by Ganesh Sitaraman (New Republic). «The Founders shaped their new republic around its economic parity. Nothing short of ‹equality of property,› declared Noah Webster, could ensure the social stability and national solidarity that any constitutional system needs to function properly. This, Webster added, was ‹the very soul of a republic.› Our Constitution, in short, was literally founded on an egalitarian distribution of wealth. Without property being ‹pretty equally divided,› the anti-federalist Samuel Bryan warned during ratification, ‹the nature of the government is changed, and an aristocracy, monarchy, or despotism will rise on its ruin.›»
Historical Interviews: Oriana Fallaci interviews Dom Hélder Câmara
by Oriana Fallaci (Socialista Morena). Google Translated from Portuguese (Original here). 1970 interview of Dom Hélder, in which he lays out his real vision for justice. «Justice does not mean to assign all the same amount of goods in the same way. That would be awful. It would be as if the whole world had the same face and the same body, the same voice and the same brain. I believe in the right that everyone has to have different faces, different bodies, different voices and brains. God can take the risk of being considered unfair. But he is not unjust and wants neither privileged nor oppressed, he wants each one to have the essential to live - while remaining different. So what do I mean by justice? I mean a better distribution of goods, nationally and internationally. There is an internal and external colonialism. To demonstrate the latter, all you have to do is remember that 80% of the resources of this planet are in the hands of 20% of the countries, in the hands of the superpowers or the nations that serve the superpowers. Just to give two small examples: in the last 15 years the United States has made well over $11 billion in Latin America - that figure is provided by the statistical office of the University of Detroit. Or simply to say that for a Canadian tractor Jamaica has to pay the equivalent of 32 tons of sugar ... On the other hand, to demonstrate internal colonialism, all you have to do is think about Brazil. In the north of Brazil there are areas that, being generous, may be called sub-developed. Others still remember the prehistory: the people there live as in the time of the caves and are happy to eat what they find in the trash. And what can I say to these people? What do they have to suffer to get to paradise? Eternity begins here, on earth, not in paradise.»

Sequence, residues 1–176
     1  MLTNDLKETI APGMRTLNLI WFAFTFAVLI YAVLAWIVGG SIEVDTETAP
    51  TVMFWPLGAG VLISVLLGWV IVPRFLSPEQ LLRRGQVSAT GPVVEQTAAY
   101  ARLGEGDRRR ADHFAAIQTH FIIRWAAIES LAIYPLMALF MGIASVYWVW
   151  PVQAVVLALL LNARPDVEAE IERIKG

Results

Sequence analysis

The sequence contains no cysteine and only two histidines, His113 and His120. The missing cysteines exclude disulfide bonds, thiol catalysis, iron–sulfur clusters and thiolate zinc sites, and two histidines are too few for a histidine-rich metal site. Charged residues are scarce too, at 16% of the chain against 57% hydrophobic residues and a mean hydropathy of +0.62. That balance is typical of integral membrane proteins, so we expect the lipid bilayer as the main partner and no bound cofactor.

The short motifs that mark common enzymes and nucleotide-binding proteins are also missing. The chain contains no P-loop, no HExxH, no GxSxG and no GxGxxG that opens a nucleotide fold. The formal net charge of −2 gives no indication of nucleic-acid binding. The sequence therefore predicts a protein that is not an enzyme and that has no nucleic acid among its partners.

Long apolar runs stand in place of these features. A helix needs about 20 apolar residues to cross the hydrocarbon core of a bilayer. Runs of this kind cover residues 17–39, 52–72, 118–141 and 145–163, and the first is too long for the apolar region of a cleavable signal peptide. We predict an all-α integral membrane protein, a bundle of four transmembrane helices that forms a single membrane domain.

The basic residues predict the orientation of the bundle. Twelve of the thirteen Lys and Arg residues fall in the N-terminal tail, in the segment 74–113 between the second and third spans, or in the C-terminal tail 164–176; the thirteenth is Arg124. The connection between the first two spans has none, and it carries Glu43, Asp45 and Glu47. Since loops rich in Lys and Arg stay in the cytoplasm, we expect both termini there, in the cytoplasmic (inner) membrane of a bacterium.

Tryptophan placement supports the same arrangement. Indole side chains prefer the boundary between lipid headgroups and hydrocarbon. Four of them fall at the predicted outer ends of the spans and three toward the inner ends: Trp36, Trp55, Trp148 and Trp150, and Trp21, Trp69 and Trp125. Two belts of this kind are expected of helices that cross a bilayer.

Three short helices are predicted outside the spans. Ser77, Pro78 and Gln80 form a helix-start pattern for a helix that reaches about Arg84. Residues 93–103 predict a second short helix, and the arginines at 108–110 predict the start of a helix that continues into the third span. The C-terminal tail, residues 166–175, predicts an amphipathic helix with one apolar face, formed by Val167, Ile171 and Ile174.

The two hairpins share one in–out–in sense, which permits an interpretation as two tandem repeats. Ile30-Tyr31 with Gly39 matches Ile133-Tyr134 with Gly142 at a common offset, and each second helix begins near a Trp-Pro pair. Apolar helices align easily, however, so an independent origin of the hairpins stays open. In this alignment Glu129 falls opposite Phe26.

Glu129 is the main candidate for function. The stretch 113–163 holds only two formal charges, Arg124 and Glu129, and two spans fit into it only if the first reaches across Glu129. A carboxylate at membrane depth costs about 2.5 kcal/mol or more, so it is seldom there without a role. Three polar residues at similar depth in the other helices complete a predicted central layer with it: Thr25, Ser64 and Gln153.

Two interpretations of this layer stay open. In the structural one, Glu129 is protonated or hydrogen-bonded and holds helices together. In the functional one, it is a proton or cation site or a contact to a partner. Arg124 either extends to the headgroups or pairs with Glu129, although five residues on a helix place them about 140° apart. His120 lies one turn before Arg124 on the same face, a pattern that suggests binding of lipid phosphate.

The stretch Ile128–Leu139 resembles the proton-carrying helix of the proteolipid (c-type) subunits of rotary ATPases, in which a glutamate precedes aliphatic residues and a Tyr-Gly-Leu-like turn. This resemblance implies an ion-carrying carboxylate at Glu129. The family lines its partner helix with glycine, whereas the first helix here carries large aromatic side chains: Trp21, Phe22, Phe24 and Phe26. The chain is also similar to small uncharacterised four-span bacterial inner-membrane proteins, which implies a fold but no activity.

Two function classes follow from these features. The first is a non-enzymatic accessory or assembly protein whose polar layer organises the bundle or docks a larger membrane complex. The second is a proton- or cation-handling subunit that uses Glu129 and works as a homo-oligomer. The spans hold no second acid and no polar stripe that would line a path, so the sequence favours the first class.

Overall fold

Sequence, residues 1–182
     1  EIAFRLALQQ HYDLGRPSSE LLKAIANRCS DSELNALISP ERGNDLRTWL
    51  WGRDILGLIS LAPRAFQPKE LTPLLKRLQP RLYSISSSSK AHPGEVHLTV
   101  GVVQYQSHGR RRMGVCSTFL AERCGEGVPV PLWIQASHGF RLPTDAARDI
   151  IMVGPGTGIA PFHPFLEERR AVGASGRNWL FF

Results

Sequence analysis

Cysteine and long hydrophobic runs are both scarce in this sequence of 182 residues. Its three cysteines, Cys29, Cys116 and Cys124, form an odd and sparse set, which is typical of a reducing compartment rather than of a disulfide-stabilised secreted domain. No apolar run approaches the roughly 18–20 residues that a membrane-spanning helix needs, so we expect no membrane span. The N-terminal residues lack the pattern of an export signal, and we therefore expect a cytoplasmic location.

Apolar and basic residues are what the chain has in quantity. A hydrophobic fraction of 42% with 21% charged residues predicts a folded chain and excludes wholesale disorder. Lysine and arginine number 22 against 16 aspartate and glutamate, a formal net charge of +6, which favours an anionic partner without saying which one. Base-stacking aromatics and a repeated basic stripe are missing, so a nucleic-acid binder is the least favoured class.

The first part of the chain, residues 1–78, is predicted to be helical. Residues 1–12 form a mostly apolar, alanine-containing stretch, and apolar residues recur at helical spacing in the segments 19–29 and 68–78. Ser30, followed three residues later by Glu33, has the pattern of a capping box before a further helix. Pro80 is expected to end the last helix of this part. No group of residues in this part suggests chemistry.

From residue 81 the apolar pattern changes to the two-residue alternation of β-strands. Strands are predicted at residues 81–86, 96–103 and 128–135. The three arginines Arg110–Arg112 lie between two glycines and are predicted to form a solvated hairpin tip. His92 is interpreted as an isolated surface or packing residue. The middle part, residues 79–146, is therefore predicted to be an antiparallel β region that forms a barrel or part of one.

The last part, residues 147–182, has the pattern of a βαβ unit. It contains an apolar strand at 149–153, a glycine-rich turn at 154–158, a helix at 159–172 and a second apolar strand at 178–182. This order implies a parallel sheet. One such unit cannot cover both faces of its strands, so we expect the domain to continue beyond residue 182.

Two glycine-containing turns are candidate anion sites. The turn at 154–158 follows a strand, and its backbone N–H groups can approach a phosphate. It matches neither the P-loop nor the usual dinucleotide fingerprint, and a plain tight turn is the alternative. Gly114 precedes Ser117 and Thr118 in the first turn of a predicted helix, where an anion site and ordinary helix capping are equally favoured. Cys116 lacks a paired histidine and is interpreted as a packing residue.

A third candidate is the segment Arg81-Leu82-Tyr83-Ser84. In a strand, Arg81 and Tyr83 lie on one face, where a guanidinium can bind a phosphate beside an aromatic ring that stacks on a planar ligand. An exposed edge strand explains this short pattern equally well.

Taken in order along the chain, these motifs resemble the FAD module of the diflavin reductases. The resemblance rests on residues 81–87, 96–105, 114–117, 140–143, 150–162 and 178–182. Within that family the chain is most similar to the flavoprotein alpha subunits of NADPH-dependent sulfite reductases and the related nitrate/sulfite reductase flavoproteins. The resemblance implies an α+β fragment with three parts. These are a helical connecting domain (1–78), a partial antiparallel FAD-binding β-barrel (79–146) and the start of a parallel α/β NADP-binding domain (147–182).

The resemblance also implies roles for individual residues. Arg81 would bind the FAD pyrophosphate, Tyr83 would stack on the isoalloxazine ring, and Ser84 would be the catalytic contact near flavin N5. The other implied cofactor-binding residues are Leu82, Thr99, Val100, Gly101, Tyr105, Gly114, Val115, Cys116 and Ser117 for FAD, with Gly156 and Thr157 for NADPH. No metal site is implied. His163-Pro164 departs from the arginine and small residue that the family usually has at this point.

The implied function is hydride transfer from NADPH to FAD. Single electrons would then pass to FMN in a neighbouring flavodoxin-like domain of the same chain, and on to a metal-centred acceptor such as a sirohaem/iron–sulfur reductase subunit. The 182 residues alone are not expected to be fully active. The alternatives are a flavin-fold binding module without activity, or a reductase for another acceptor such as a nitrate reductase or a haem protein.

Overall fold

Response to “Hillbilly Elegy”
by Ivy Brashear (The Young Kentuckian). «‹Elegy› has no class, no heart, and no warmth. It's a poorly written appropriation of Appalachian stereotypes that presents us as a people who aren't worthy of anything but derision and pity, and who cannot be helped because we refuse to help ourselves. It ignores the systemic capitalist oppression that encourages persistent poverty. It assumes there is some special sect of the working class that is especially dedicated to white people. It is rife with fragile masculinity that actively diminishes the critical role that Appalachian women play in the culture, the resistance, in the workforce, and in the new economy...Misrepresentation of Appalachia matters for several reasons. It obscures and intentionally eclipses the pride and dignity of being Appalachian. It has told us we should be ashamed of who we are, where we come from, and the people in our blood. It says to us that we aren't worthy or deserving of anything more than being the butt of a joke. It hits us hard in our guts because the truth is way more complicated and way more real, and nobody likes tales to be carried about them.»
who’s listening when we talk about abortion?
by Rebecca Bratten Weiss (Suspended in Her Jar). «Most women who end up opting for abortion do so because of pre-existing pressures. And one can hardly call it a ‹choice› when they are given so few other options. A sad irony is that many in politics loudly clamor for an end to abortion while at the same time trying to deprive women of realistic opportunities to make better choices. When someone cuts your health care, cuts your access to cash or food benefits, pollutes your air and water, does nothing to protect you from workplace discrimination, dismisses rape accusations, votes for a sexual predator – then says ‹don’t have an abortion!› – it’s hard to think of that person as genuinely pro-life.»